Environmental protections failing to keep up: audit
OTTAWA—Federal environmental protections are struggling to keep up with the fast pace of development in the energy industry, leaving Canada exposed to the risks of oil spills, pollution, and damage to fragile habitat, a new audit says.
Scott Vaughan, Canada’s commissioner of the environment and sustainable development, issued his parting words today after five years in the job—taking a close look at how well Ottawa is managing the significant environmental risks associated with its goal of aggressively promoting resource development.
Instead, he found regulators were reeling under changing legislation, confusing lines of responsibility and outdated financial requirements to cover off costs in case of disaster or damage to the environment.
“These shortcomings leave me concerned that environmental protection is failing to keep pace with economic development,” Vaughan said in his report, which noted that the government expects to see $650 billion invested in resource exploration and development over the coming decade.
Specifically, the commissioner found the two Atlantic offshore petroleum boards are not ready to respond to major oil spills—despite a complex array of regulations and procedures.
The government asked Vaughan to audit the offshore boards after the 2010 oil spill in the Gulf of Mexico prompted questions about how Canada would handle a similar situation.
Vaughan found jurisdictional confusion that has led to a lack of co-ordination and significant gaps in the way authorities were monitoring the activities of companies.
“They have not established or updated policies and procedures to guide environmental assessments, and they are not systematically tracking measures to prevent or reduce environmental impacts,” Vaughan wrote.
Plus, the boards—and the handful of federal departments they work with—have not yet figured out how to apply the new environmental assessment regime, which was dramatically overhauled last summer in one of the federal government’s budget omnibus bills.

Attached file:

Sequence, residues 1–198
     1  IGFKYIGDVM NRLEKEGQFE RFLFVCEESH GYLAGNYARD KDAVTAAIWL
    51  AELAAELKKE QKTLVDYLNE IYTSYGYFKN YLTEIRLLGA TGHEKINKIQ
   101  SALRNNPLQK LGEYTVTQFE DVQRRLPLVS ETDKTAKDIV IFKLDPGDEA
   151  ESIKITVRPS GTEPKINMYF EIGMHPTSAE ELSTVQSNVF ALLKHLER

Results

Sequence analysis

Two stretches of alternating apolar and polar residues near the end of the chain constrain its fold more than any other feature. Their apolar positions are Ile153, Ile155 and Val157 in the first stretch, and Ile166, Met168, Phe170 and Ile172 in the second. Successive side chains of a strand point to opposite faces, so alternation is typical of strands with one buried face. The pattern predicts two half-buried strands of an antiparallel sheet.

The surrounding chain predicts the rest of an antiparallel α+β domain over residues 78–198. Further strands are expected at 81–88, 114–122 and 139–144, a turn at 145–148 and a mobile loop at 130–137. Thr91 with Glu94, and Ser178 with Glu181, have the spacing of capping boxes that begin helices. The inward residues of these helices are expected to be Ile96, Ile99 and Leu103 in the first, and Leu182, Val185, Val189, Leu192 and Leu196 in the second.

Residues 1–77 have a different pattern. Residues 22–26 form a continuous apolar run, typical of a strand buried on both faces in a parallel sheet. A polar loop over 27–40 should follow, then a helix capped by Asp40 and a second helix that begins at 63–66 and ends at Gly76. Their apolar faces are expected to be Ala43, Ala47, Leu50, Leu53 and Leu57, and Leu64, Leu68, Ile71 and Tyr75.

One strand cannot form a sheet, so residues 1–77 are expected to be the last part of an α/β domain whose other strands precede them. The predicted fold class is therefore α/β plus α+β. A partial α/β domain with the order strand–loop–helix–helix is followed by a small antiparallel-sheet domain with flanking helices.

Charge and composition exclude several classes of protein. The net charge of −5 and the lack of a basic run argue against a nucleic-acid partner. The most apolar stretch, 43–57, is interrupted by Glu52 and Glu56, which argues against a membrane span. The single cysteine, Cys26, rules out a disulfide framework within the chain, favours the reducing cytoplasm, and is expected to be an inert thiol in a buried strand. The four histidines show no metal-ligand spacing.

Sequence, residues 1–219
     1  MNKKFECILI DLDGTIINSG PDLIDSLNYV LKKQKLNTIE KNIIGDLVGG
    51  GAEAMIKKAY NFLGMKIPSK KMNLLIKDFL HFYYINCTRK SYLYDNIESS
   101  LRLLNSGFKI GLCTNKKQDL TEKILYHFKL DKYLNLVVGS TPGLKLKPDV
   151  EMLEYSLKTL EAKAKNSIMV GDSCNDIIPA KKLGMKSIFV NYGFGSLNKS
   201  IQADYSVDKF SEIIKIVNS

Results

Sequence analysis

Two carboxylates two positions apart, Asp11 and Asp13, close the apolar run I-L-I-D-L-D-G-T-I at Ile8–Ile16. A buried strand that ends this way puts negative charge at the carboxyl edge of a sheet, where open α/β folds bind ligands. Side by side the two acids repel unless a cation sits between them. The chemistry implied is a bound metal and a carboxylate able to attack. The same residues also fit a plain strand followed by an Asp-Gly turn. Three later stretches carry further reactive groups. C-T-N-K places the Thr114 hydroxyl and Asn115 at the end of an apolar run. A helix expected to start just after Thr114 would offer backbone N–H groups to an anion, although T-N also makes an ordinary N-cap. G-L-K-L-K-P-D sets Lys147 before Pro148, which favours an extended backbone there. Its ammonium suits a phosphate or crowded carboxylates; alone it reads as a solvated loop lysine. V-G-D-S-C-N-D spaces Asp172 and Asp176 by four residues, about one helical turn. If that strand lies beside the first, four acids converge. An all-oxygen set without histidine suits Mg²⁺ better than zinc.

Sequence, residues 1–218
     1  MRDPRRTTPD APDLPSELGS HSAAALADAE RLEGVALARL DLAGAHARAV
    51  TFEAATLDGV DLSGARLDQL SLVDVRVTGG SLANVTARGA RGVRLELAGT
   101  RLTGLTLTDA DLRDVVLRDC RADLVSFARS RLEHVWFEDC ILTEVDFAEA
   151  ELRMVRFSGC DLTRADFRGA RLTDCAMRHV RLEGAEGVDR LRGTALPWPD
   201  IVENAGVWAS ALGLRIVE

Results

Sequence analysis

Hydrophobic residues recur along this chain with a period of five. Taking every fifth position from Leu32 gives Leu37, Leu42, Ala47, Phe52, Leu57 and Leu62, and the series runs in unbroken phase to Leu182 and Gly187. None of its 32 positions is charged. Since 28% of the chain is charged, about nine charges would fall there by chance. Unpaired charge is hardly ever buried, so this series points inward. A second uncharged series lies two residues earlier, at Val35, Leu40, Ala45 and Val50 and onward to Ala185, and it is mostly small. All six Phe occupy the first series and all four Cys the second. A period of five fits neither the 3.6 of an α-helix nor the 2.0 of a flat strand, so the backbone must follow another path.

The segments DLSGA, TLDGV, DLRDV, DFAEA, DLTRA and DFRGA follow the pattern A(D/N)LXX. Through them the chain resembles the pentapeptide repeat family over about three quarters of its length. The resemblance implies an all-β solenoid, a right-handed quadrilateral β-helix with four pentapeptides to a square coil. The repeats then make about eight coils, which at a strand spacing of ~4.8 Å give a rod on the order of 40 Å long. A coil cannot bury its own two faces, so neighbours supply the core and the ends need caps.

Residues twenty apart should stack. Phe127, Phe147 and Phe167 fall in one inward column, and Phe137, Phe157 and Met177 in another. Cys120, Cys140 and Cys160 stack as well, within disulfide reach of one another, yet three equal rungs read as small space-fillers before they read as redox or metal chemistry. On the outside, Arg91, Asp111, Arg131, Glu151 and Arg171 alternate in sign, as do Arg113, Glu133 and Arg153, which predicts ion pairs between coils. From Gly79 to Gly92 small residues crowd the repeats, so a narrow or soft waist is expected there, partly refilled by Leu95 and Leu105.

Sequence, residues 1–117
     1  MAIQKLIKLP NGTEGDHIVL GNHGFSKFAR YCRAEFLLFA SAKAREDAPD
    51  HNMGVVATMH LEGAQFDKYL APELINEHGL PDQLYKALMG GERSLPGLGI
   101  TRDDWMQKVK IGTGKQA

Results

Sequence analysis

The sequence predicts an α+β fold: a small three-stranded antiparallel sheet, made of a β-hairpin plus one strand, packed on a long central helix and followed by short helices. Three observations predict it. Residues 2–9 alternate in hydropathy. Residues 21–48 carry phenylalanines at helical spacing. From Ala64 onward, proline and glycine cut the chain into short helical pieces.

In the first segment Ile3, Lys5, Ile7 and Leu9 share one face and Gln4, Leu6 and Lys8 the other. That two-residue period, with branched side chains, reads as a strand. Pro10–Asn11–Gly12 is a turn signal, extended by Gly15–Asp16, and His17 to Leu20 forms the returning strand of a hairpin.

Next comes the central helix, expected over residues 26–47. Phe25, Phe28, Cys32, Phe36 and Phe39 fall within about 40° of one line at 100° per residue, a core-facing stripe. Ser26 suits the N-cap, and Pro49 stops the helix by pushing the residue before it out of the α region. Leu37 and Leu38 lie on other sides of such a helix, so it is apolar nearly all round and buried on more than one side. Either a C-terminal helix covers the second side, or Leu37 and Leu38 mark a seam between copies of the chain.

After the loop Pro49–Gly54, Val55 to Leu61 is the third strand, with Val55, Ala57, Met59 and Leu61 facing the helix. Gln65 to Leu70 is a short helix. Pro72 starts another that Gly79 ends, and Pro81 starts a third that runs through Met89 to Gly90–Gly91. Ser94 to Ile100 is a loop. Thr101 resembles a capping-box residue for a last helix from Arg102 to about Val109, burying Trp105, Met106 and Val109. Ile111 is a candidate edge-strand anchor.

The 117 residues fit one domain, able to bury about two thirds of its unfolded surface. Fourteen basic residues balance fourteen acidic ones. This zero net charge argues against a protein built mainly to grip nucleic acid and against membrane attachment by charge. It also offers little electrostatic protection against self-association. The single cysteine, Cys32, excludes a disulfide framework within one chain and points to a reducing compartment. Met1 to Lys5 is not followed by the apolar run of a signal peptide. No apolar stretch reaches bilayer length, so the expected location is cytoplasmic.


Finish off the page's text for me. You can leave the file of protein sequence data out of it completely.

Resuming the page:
Vaughan raised similar red flags about the government’s methods of mitigating financial risks stemming from environmental damage.
Liability limits for nuclear accidents or oil spills are decades out of date, he said, leaving taxpayers exposed to huge financial risk if something goes wrong.
For example, companies only would have to cover a maximum of $40 million in damages in case of an offshore spill in the Arctic, or $30 million in the Atlantic Ocean—liabilities that have not changed in a quarter-century and are far lower than other countries.
The clean-up of the 2010 spill in the Gulf of Mexico, for instance, cost $40 billion (U.S.)
In the north, Vaughan is especially concerned that officials with Aboriginal Affairs and Northern Development Canada are not inspecting mining operations to make sure companies are living up to their obligations.
Plus, changes to the Fisheries Act included in last summer’s omnibus bill have left regulators unsure about what kind of compensation plans companies should have in place, the report noted.
At the same time, tanker traffic and marine transportation of oil and gas is soaring.
“These findings, when considered with our concerns regarding preparedness to effectively respond to a major oil spill, show clearly that Canadians are exposed to environmental risks and the financial implications that go with them,” Vaughan warned.